There is More than One Texture


Not everything should be as smooth as a nun’s stomach. While every surface of my work is finished with handplanes, that doesn’t mean it was a smoothing plane.

Cabinet backs and the undersides of everything are best finished with a jack plane, either across, diagonally or parallel to the grain. Not only does this speed you along and allow you to save your effort for the show surfaces, it is pleasant to touch.

The shallow scallops – even the woolly ones that plow across the grain – actually feel like something worth touching. Even a little bark down below is OK with me. On the interiors of cabinets and drawers that will get touched frequently, I finish with a jointer plane. This leaves wider and shallower scallops that almost anyone can feel if they look for them.

On the show surfaces, the even-shallower scallops left by my smoothing plane are almost imperceptible unless you catch the top in the right light or pass your hand lightly across the surface with the intent of finding them. They are mostly invisible to the touch, but they are there.


I’m fully capable of planing all surfaces to nearly dead-flat and then finish them with a sanding block. That’s a great surface for a highly reflective finish. And while a perfect and smooth finish would have been spectacular in 1769, it’s unavoidable, plastic and mundane now.

Today I finished my first 15th-century dining table for the “Furniture of Necessity,” and I figured that by leaving these toolmarks, I saved an entire day of labor. And I like the table better than if it were perfectly extruded from a wide-belt sander.

— Christopher Schwarz

About Lost Art Press

Publisher of woodworking books and videos specializing in hand tool techniques.
This entry was posted in The Anarchist's Design Book. Bookmark the permalink.

27 Responses to There is More than One Texture

  1. beshriver says:

    Even a little bark down below is OK with me…classic

  2. Joe Eberle says:

    If only I could buy arm extensions (and gut reducers)so I could plane the entire width of a table.

  3. Niels Cosman says:

    Where is that stained glass from? It’s excellent!

  4. Chris, What is the origin of the monkeys building this table?

  5. denvergeorge says:

    Recently I’ve been building a lot of boarded furniture. The jack is the only plane I use before painting with milk paint. Great look and great feel.

  6. bloksav says:

    Smooth as a nun’s stomach 🙂
    I’ll tell my dad that you still use that expression.

    I find myself touching the underside of almost every wooden table I sit down at. Just to check if I can feel any tool marks.

    At first I thouhgt the monkeys in the picture were carrying a super large cabinet scraper, but then I realised that it is probably the table top.


  7. Jennie here
    I don’t believe they are making a table.
    They did that some time ago.
    It is finished.
    They are putting it up
    probably for the hundredth time.
    This is all you get.
    So, when they need the space once again
    to do some monkey shines.
    They take it down.
    This is a fabulous image.

  8. Bob Jones says:

    And the purpose of the pile of Borg lumber is revealed.

  9. So, we don’t have to finish the backs of our drawers and cabinets to a dead-flat mirror polish?

  10. toolnut says:

    “Helper Monkey” t-shirt?

  11. waltamb says:

    So what is the story of this pic?

  12. That six-leg design would work great for a desk. I’m definitely going to go this route.

    • It all starts here:
      1400 Coer de L. 102 They sette tresteles, & layde a borde.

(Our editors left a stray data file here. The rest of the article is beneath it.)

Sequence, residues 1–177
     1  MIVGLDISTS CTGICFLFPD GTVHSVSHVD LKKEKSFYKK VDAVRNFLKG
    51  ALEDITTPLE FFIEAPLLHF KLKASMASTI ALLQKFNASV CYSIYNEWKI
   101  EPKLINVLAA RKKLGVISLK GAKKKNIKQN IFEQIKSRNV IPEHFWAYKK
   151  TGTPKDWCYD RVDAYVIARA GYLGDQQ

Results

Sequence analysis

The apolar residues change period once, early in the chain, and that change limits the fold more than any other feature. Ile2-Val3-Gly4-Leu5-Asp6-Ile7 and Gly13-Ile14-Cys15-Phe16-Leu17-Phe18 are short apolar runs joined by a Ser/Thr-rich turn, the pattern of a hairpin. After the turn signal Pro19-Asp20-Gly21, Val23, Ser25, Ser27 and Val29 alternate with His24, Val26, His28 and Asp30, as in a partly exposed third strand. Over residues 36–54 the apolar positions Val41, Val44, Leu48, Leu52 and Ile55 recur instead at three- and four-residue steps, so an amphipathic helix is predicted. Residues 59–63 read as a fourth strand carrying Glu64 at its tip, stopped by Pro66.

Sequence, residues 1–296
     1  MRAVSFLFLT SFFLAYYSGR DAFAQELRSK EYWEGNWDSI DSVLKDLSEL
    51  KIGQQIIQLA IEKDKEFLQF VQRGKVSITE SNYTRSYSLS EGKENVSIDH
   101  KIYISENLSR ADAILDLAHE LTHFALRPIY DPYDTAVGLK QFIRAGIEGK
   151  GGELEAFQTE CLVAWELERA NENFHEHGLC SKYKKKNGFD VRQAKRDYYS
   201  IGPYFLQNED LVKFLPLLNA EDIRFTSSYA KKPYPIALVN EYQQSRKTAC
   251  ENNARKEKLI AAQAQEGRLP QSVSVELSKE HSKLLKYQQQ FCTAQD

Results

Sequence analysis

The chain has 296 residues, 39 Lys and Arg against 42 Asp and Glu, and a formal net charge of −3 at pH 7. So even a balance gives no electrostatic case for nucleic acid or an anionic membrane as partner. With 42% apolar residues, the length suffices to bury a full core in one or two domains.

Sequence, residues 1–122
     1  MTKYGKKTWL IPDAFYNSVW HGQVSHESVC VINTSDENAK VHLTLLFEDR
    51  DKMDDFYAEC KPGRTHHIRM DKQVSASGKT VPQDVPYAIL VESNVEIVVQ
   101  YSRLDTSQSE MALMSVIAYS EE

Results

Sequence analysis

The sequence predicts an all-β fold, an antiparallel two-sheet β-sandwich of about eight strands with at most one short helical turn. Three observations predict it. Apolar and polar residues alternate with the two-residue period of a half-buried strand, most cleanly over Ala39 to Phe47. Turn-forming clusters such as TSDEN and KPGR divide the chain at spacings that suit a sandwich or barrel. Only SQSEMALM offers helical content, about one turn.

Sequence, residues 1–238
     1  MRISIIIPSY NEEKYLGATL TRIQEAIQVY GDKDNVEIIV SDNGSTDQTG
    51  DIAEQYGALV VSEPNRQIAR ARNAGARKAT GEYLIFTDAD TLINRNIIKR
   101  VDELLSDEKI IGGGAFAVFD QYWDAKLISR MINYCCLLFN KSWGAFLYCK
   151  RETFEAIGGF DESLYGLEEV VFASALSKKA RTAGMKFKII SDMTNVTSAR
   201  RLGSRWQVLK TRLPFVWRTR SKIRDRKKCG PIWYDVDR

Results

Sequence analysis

This is the Medieval Great Hall groaning board. The images show one side seating.
      The Monkey image shows that the trestle had but one leg for the comfort of the diners. You cannot get your chair by the two legs, They also trip you. Seating and eating is for comfort, not challenges. We would have to take the entire Family for Chinese on Thanksgiving. OK, use for seating on one, two or three sides. Use it against a wall for many purposes. There are possible freestanding non-seating use. uses. Again the Medieval marketplace images show trestles and board. Does anyone have reference to an image that shows the marketplace trestles had three legs. They probably did so they would sit on uneven surfaces. Also their use of curved flared out legs increase footprint for stability. I suspect they were rived from the tree butt swells. Their images look pretty funky.

  13. waltamb says:

    OK, Why would you place the double legs on the same side?

    Just typing and thinking… would a table be more stable if the double leg sections were on opposite sides.

  14. Waltamb
    I repeat myself. Many period images show that the in the same Medieval Great Hall every one sat on one side of the board, the same side where the three legged trestles underneath had only one post. The monkey’s are setting up the board and trestles. The diners were served from the two legged side . As Chris’ line drawing shows, the two legged side was often decorated. It faced the Hall. The monkeys may have been breaking the board and trestle down. Notice that posts are on one side.

  15. waltamb says:

    Ah, I see said the blind Carpenter as he picked up his Hammer and saw. thx

  16. Baltimore, MD., 1938. The Knife-Sharpener and Monkey come down the alley behind the 1900 block of Park Avenue. The Monkey is natty in his red jacket and cap. Knife-Sharpener wheels an upside down triangular frame. Inside is a large stone sharpening wheel. One of them rings the bell. Don’t remember, I was 8. The frame is turned over and carbon steel kitchen knives are sharpened. I do not know carbon steel, but that is all there is. Finished, Knife-Sharpener returns the glistening knives. Monkey takes off his cap and collects. Knife-Sharpener takes up the money. Monkey replaces his cap and bows. They head down the alley towards North Avenue.

Comments are closed.